Freight and food service woes impact sheepmeat exports

Lambs running in paddock

Australian sheepmeat exports were looking relatively unscathed by the pandemic disruption, that was until May. Trade flows to all key export markets saw significant reductions with freight issues, food service shutdowns and local tight supply all contributing.

Figure 1 highlights the total flow of Australian lamb for the start of the 2020 season compared to last season and the five-year trend. Total volumes for the first quarter of the year were running 10% above the five year average, however May saw a 21% decline in volumes from April. This put total lamb exports in May 27% under the five year average.

Trade flow volumes to all key lamb destinations eased in May. Compared to April, exports to Asia were down 17%, the US  down 27% and the Middle East down 16%. Severe disruption to freight and economic pressures in Middle Eastern markets, has led to a significant decline in imports of Australian sheepmeat (Read more here).

In the months of March to May, lamb volumes to the Middle East were 29% below the five-year average for the period. While the Middle East has held the second spot of Australia’s lamb export volume marketshare since 2011, the recent decline has seen the US overtake this position (Figure 2).

Tight sheep supply has helped shield mutton markets from what could’ve been the fallout of the COVID-driven demand drop. Total mutton trade flows were down 31% on April and 41% on the five-year average for May (Figure 3). Again, key markets of the Middle East, USA and Asia drove much of the decline. Interestingly, mutton exports to Europe rebounded after a low in April.

Despite well below average export figures, both lamb and sheep volumes for May were still above the last comparatively tight supply year of 2011, illustrating the growth in sheepmeat export markets over the last decade.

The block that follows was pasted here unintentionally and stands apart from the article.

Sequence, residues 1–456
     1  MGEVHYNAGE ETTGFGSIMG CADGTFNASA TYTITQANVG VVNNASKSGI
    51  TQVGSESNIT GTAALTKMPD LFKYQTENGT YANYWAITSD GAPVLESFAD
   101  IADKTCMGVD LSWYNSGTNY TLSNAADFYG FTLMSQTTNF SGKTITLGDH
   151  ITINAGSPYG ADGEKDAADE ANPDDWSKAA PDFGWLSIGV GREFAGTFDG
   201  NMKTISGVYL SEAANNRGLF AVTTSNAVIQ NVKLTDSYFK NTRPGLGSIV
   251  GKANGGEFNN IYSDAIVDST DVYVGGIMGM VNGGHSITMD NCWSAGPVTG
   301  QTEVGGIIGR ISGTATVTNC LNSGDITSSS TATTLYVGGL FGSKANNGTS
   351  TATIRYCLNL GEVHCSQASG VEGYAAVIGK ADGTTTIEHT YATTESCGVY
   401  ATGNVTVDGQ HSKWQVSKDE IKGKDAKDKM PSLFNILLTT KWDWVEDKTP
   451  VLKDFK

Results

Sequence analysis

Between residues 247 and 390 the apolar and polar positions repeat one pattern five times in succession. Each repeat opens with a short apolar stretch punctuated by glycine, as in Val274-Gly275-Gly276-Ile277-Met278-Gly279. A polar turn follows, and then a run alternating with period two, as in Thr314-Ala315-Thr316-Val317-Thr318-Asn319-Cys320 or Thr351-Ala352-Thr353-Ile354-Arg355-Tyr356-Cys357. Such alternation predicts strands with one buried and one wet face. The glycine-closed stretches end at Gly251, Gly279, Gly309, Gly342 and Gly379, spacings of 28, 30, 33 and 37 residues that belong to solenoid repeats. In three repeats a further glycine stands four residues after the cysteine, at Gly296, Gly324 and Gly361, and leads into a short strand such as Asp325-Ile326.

What does it mean?

Meat & Livestock Australia’s projected 31% year on year decline in mutton shipments mean export volumes will be light for the second half of the year. A large lamb crop may help lamb flow from Australia at levels similar to last year, but that’s assuming the demand is there.

The appetite for Australian lamb and Mutton amidst an extensive global economic downturn is still largely unclear. What we do know is that the diversity of our export markets and limited availability of slaughter stock in Australia has provided protection from what could have been significant market losses.

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Key Points

  • Lamb export volumes declined 21% in May and were 27% below the five-year seasonal average.
  • Mutton export volumes fell 31% in May and were 41% under the five-year seasonal average.
  • The Middle East has dropped its position as our second largest lamb customer.

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Data sources: DAWE, MLA, Mecardo

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